On the 7th of September, Air Liquide officially opened its first public hydrogen filling station for passenger cars in Germany, in the city of Düsseldorf.
This state of the art station will be followed by 10 new hydrogen filling stations that will be designed, built and rolled out in the next three years under the auspices of the German government’s major demonstration project. By 2015 Germany will have a supply network of at least 50 public filling stations.
Those new steps are in line with the Group’s announcement in October 2011 that it would invest in 20 new stations in Europe.
Driven by the the same dynamic, two other stations have been installed recently by Air Liquide in Oslo, Norway, and in the Swiss city of Brugg.
In Japan, the government sees hydrogen as a promising major energy source for cars and expects to install about 100 hydrogen distribution stations for fuel cell vehicles by 2015. Air Liquide Japan intends to build a significant number of them and, in support of this goal, has recently set up a specialized team focused on the hydrogen business. The Group is already very active in Japan in this field, having so far installed 3 hydrogen energy stations (in Tokyo, Kawasaki, and Saga). One of these stations demonstrated the feasibility of a complete “Blue Hydrogen” chain, from wood chips to clean mobility.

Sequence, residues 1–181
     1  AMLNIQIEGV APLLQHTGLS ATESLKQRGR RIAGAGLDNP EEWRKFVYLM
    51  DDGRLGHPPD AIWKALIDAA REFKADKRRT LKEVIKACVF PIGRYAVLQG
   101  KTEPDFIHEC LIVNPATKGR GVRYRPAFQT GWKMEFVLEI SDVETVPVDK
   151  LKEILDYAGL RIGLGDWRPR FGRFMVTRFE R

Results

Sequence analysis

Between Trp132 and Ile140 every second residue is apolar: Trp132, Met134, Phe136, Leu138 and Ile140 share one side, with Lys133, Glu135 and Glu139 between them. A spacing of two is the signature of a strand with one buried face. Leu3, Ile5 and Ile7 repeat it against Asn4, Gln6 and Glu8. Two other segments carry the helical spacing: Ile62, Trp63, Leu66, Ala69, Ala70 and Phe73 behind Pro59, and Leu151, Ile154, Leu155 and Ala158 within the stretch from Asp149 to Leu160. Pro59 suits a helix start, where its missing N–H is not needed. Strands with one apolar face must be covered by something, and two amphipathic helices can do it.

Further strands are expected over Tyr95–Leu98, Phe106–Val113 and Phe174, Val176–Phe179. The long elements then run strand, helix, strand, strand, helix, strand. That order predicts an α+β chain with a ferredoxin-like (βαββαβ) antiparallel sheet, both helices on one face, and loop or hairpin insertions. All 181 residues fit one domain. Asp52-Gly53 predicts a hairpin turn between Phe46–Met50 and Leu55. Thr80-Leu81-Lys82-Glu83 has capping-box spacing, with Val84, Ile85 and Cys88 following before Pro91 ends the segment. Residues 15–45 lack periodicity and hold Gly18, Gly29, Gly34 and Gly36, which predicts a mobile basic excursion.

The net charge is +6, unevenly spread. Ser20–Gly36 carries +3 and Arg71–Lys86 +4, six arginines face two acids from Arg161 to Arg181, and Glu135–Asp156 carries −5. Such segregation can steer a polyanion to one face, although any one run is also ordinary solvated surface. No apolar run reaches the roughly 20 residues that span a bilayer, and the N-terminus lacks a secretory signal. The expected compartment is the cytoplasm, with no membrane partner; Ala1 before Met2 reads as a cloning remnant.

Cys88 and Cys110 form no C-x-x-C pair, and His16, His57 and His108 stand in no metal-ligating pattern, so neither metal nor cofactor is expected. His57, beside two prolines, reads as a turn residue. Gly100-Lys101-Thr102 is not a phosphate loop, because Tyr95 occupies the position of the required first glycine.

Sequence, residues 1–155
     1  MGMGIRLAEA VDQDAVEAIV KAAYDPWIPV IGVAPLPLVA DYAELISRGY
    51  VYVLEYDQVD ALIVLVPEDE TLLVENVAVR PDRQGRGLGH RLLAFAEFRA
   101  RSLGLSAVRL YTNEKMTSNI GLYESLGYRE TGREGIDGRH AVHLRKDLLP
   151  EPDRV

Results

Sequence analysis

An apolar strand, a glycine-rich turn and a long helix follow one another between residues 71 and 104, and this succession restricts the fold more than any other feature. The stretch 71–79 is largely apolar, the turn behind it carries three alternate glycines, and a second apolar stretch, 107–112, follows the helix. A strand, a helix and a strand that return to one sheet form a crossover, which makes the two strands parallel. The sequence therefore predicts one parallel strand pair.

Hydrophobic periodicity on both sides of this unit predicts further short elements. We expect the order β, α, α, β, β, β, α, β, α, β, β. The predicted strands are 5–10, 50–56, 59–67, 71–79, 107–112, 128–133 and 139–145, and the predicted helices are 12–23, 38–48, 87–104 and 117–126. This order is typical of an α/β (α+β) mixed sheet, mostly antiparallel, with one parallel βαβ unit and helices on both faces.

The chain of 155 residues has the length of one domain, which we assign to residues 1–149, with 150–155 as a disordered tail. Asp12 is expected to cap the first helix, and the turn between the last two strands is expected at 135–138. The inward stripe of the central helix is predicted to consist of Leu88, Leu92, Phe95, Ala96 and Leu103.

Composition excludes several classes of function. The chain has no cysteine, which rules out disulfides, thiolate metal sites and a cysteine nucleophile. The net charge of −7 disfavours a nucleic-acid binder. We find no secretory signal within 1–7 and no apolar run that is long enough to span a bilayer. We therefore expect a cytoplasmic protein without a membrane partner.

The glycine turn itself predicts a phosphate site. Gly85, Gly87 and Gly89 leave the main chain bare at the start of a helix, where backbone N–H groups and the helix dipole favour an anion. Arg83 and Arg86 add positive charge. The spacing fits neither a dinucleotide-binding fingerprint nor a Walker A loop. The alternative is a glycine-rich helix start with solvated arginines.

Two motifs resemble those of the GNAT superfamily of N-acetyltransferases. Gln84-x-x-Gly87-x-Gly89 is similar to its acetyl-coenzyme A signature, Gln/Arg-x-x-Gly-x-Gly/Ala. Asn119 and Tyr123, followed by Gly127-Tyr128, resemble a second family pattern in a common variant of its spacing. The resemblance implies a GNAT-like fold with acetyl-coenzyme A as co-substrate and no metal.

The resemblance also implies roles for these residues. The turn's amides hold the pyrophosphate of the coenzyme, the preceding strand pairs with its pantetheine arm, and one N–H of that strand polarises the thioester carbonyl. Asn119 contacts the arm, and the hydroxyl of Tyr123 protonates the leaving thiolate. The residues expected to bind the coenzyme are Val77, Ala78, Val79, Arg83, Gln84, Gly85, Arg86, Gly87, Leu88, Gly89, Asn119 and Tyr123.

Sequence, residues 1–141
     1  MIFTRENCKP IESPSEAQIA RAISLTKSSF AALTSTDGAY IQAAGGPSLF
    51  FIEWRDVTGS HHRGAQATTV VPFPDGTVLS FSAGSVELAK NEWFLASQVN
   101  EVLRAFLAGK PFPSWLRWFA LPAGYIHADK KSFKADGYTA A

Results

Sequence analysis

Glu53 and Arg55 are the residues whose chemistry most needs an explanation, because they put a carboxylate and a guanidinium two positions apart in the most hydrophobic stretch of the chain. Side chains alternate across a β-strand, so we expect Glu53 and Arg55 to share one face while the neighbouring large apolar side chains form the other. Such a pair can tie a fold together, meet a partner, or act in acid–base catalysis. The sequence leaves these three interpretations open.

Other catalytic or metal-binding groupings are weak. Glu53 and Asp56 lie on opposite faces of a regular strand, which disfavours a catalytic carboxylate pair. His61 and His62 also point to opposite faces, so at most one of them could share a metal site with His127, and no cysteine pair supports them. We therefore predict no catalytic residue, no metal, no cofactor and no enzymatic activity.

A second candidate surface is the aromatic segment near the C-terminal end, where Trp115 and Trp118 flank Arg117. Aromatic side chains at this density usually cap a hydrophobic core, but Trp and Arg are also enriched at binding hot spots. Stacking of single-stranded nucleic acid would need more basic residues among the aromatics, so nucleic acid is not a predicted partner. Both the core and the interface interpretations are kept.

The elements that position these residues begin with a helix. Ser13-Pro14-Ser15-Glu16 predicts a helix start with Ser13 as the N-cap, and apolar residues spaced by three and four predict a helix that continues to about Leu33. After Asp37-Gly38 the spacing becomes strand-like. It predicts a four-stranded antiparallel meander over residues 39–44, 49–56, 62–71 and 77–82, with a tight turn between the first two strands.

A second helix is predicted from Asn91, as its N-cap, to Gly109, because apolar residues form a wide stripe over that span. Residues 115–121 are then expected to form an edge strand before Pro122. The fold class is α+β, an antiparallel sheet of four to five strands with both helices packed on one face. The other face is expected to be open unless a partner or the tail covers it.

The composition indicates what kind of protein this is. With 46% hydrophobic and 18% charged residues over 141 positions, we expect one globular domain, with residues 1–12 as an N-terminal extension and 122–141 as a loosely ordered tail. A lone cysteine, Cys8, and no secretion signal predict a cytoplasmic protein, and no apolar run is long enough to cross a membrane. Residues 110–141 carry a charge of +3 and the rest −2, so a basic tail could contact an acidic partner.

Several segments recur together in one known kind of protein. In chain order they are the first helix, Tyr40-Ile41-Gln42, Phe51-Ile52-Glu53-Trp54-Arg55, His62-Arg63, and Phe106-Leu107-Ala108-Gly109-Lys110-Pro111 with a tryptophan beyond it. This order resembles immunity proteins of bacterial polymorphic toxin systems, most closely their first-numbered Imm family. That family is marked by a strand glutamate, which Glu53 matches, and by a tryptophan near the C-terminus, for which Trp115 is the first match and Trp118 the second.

Air Liquide is getting ready to play a supporting role in the switch to the new energy mix that includes hydrogen. Today, some 60 hydrogen filling stations have been designed and delivered by Air Liquide around the world, helping to spread the use of hydrogen for clean mobility.